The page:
|Level 2||• Obligations of U.S. Government agencies with a final remaining maturity of more than 3 years||97 percent|
| ||• MBS that are fully guaranteed by a U.S. Government agency as to the timely repayment of principal and interest||95 percent|
| ||• Diversified investment funds comprised exclusively of Levels 1 and 2 instruments||95 percent|
|Start Printed Page 27502|
|Level 3||• GSE senior debt securities with maturities exceeding 60 days, excluding senior debt securities of the Farm Credit System||93 percent for all Level 3 instruments|
| ||• MBS that are fully guaranteed by a GSE as to the timely repayment of principal and interest|
| ||• Money market instruments maturing within 90 days|
| ||• Diversified investment funds comprised exclusively of levels 1, 2, and 3 instruments|
* * * * *
8. Section 615.5140 is revised to read as follows: End Amendment Part
Start Amendment Part
(a) Farm Credit banks—(1) Investment eligibility criteria. A Farm Credit bank may purchase an investment only if it satisfies the following investment eligibility criteria:
(i) The investment must be purchased and held for one or more investment purposes authorized in § 615.5132.
(ii) The investment must be one of the following:
(A) A non-convertible senior debt security;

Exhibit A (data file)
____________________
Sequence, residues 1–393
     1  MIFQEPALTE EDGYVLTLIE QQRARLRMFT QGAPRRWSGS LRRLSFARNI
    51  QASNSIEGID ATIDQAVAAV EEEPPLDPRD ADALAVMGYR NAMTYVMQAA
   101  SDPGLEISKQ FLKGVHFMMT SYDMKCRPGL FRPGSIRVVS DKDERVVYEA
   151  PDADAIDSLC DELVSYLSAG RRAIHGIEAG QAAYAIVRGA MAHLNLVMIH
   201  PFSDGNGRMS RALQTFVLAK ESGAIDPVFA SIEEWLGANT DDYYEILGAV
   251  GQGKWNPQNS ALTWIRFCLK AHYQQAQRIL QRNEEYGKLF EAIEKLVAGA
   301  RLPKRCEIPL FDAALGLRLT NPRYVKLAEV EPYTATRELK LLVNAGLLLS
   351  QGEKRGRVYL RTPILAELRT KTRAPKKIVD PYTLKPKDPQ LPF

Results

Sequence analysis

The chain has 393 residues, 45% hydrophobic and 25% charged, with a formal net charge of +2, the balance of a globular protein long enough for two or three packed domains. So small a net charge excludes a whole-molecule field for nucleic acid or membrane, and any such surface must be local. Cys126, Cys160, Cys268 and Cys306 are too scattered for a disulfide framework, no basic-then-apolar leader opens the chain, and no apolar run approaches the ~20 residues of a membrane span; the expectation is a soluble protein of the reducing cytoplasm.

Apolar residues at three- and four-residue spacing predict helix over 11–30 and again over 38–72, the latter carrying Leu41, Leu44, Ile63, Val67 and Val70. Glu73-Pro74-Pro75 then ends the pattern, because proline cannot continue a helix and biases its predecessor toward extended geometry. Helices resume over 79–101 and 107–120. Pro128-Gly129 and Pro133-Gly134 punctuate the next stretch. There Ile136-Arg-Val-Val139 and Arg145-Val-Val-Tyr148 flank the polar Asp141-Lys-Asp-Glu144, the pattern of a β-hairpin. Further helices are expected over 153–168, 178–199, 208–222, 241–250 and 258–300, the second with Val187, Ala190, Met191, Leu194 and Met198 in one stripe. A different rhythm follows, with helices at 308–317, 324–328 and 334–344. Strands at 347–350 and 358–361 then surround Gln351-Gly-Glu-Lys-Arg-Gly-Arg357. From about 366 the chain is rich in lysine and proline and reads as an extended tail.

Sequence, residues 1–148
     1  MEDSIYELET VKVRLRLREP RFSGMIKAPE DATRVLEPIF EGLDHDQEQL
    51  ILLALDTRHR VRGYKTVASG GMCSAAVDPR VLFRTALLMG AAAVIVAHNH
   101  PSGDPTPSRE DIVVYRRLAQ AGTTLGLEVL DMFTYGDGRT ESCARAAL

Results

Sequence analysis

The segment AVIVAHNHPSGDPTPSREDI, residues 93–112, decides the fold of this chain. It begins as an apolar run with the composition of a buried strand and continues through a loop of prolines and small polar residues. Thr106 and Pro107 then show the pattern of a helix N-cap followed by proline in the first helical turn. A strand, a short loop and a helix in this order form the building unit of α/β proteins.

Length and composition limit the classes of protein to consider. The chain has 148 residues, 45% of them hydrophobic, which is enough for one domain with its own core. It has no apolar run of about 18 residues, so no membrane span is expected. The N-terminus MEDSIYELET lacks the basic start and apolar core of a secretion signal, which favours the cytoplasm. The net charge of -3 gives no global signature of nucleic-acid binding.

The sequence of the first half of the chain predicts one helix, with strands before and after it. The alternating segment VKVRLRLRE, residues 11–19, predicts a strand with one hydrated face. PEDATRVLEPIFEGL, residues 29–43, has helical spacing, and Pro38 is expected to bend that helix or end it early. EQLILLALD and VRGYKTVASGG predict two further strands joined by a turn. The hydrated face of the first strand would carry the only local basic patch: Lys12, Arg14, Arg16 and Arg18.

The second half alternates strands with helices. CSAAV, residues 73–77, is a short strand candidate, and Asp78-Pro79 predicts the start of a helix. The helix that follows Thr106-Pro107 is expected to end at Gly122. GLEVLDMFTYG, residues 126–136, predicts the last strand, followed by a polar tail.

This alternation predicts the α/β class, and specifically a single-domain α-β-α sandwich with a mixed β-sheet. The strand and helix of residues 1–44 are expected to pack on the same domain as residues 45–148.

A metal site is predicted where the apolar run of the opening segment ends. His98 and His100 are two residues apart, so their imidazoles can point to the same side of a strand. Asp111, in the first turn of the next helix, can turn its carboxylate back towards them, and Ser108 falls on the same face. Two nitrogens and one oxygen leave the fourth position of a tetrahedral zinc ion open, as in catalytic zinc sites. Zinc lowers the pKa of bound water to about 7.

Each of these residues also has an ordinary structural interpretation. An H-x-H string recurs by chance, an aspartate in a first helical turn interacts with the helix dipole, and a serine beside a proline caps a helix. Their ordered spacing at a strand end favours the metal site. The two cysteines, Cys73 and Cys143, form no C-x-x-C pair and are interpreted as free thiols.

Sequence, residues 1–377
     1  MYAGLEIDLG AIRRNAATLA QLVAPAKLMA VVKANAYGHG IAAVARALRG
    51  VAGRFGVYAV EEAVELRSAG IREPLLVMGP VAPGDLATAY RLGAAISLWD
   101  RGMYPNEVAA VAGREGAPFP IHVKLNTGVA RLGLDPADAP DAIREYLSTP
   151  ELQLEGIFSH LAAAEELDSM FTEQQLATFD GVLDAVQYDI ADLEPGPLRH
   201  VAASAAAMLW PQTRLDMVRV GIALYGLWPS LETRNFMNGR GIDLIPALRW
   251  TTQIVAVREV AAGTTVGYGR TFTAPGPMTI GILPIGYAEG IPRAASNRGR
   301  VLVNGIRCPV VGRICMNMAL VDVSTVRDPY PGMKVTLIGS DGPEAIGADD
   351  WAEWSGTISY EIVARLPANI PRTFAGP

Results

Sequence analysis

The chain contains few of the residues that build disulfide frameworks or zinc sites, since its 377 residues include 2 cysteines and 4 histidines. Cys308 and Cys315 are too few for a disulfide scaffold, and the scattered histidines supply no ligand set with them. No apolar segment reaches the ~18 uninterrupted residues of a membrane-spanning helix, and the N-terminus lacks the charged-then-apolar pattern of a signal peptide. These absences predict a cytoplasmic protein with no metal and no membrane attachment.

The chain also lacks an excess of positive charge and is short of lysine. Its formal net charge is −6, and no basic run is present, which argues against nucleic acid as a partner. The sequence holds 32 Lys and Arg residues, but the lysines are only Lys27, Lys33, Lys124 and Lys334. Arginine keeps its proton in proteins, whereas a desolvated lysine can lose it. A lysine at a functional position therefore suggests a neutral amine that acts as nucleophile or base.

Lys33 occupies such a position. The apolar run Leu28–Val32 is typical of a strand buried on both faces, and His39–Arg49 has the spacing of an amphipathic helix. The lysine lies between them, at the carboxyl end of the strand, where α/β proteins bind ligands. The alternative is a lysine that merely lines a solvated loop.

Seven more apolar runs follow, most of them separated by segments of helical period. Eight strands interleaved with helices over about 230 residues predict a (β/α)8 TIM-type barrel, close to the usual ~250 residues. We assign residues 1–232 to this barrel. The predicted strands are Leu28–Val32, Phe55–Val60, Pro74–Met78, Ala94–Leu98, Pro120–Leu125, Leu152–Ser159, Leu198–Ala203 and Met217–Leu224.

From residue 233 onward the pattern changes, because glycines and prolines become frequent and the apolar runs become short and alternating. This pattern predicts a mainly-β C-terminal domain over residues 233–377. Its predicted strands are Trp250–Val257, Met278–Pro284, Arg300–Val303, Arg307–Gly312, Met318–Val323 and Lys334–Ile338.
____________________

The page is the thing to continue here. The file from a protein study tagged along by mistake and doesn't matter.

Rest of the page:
(B) A money market instrument with a maturity of 1 year or less;
(C) A portion of an MBS or ABS that is fully guaranteed as to the timely payment of principal and interest by a U.S. Government agency;
(D) A portion of an MBS or ABS that is fully and explicitly guaranteed as to the timely payment of principal and interest by a GSE;
(E) The senior-most position of an MBS or ABS that a U.S. Government agency does not fully guarantee as to the timely payment of principal and interest or a GSE does not fully and explicitly guarantee as to the timely payment of principal and interest, provided that the MBS satisfies the definition of “mortgage related security” in 15 U.S.C. 78c(a)(41);
(F) An obligation of an international or multilateral development bank in which the U.S. is a voting member; or
(G) Shares of a diversified investment fund registered under the Investment Company Act of 1940, if its portfolio consists solely of securities that satisfy paragraph (a)(1)(ii)(A), (B), (C), (D), (E), or (F) of this section, or are eligible under § 615.5174. The investment company's risk and return objectives and use of derivatives must be consistent with the Farm Credit bank's investment policies.
(iii) At least one obligor of the investment must have very strong capacity to meet its financial commitment for the expected life of the investment. If any obligor whose capacity to meet its financial commitment is being relied upon to satisfy this requirement is located outside the U.S., either:
(A) That obligor's sovereign host country must have the highest or second-highest consensus Country Risk Classification (0 or 1) as published by the Organization for Economic Cooperation and Development (OECD) or be an OECD member that is unrated; or
(B) The investment must be fully guaranteed as to the timely payment of principal and interest by a U.S. Government agency.